Queenside Hills Realty Co., Inc. v. SaxlAnnotate this Case
328 U.S. 80 (1946)
U.S. Supreme Court
Queenside Hills Realty Co., Inc. v. Saxl, 328 U.S. 80 (1946)
Queenside Hills Realty Co., Inc. v. Saxl
Argued March 28, 1946
Decided April 22, 1946
328 U.S. 80
In 1940, appellant constructed a lodging house in New York, complying with all applicable laws then in force. In 1944, New York amended its Multiple Dwelling Law so as to provide that lodging houses of "nonfireproof construction existing prior to the enactment" of the amendment should comply with certain new requirements, including the installation of an automatic wet pipe sprinkler system. Appellant asserted that its building did not constitute a fire hazard or a danger to its occupants; that it had a market value of $25,000; that the cost of complying with the 1944 law would be $7,500, and that the benefits to be obtained by the changes were negligible.
1. The law does not violate the due process clause of the Fourteenth Amendment, since it is within the police power of the State and the owner of property does not acquire immunity against the exercise of the police power by constructing it in full compliance with existing laws. P. 328 U. S. 82.
2. In the absence of a showing that there are in existence other lodging houses of the same category which will escape its requirements, the law cannot be held to violate the equal protection clause of the Fourteenth Amendment because of its failure to apply to lodging houses which might be erected subsequently; since lack of equal protection is found in the actual existence of an invidious discrimination, and not in the mere possibility that there will be like or similar cases which will be treated more leniently. Pp. 328 U. S. 83-85.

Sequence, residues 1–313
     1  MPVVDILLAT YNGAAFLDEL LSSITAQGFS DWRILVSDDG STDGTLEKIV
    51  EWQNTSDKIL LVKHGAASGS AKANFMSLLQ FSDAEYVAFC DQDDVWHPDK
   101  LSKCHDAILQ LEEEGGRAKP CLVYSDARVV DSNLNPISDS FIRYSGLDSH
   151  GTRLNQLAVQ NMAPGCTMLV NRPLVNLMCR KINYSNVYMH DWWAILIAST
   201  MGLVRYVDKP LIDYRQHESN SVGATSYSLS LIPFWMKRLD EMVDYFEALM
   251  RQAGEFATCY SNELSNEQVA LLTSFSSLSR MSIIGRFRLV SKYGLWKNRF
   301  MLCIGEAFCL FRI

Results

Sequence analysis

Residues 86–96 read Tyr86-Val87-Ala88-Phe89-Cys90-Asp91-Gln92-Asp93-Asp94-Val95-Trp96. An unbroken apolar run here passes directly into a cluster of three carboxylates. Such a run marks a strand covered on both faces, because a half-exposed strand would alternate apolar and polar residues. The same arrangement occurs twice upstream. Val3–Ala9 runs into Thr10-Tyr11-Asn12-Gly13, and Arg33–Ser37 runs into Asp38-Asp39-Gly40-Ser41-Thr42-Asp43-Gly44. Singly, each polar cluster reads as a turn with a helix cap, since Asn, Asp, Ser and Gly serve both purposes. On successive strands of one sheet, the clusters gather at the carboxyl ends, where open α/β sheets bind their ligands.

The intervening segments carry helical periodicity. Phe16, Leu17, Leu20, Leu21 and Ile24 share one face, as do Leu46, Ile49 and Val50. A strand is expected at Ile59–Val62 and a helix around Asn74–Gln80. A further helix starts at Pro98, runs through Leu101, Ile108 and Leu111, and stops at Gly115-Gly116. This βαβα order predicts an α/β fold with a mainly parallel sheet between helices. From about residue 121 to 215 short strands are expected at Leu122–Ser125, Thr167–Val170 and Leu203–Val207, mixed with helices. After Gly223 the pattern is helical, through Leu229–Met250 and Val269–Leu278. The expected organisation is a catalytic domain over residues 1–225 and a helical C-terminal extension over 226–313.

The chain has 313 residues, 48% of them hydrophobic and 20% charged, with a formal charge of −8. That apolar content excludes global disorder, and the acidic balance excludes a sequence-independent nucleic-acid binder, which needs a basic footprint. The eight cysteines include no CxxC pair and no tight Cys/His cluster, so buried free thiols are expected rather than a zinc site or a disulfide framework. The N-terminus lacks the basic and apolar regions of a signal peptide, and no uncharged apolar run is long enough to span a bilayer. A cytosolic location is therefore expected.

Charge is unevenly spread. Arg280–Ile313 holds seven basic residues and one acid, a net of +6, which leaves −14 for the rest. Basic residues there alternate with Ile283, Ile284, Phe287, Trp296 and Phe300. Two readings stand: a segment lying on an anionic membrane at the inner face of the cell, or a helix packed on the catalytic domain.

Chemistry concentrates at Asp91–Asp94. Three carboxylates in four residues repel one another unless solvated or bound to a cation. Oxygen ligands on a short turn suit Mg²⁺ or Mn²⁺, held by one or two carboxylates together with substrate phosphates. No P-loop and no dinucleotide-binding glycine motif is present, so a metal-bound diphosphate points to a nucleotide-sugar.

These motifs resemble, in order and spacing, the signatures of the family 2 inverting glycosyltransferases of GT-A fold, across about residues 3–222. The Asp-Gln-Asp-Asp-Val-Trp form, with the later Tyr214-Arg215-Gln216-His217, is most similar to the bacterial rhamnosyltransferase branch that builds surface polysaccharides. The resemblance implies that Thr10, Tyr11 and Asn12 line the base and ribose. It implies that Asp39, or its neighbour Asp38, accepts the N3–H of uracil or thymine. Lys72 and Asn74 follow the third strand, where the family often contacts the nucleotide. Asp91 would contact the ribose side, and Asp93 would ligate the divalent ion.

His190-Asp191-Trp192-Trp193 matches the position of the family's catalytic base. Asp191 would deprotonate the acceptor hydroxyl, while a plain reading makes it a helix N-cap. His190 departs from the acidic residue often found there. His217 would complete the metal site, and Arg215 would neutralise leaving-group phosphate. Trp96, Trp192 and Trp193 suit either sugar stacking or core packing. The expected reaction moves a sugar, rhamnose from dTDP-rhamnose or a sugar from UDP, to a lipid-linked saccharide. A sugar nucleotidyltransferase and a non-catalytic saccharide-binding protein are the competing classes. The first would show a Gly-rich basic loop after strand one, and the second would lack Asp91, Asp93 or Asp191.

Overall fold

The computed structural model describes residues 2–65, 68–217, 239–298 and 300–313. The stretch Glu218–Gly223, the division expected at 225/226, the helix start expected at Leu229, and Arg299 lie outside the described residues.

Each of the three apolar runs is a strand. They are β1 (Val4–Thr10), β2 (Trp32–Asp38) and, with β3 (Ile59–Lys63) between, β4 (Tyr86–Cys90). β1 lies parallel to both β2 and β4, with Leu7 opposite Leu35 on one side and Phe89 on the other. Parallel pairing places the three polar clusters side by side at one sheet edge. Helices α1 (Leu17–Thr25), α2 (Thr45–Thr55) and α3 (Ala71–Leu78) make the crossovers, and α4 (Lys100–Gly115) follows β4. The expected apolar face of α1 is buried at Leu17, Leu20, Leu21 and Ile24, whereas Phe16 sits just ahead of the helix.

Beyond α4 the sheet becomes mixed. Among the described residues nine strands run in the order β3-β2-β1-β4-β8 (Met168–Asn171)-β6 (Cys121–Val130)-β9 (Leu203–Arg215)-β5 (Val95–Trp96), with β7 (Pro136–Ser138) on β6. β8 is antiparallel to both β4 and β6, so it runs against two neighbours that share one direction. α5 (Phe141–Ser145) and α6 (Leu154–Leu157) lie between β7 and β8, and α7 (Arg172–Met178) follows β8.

3. The wisdom of the legislation and the need for it are questions for the legislature. P. 328 U. S. 82.
294 N.Y. 917, 63 N.E.2d 116, affirmed.
Appellant sued in the New York courts for a declaratory judgment holding certain provisions of the New York Multiple Dwelling Law (L.1929, c. 713) as amended in 1944 (L.1944, c. 553) unconstitutional and restraining their enforcement. The Supreme Court dismissed the
suit. The Appellate Division affirmed. 269 App.Div. 691, 54 N.Y.S.2d 394. The Court of Appeals affirmed, 294 N.Y. 917, 63 N.E.2d 116, certifying by its remittitur that questions involving the Fourteenth Amendment were presented and necessarily passed upon. 295 N.Y. 567, 64 N.E.2d 278. Affirmed, p. 328 U. S. 85.
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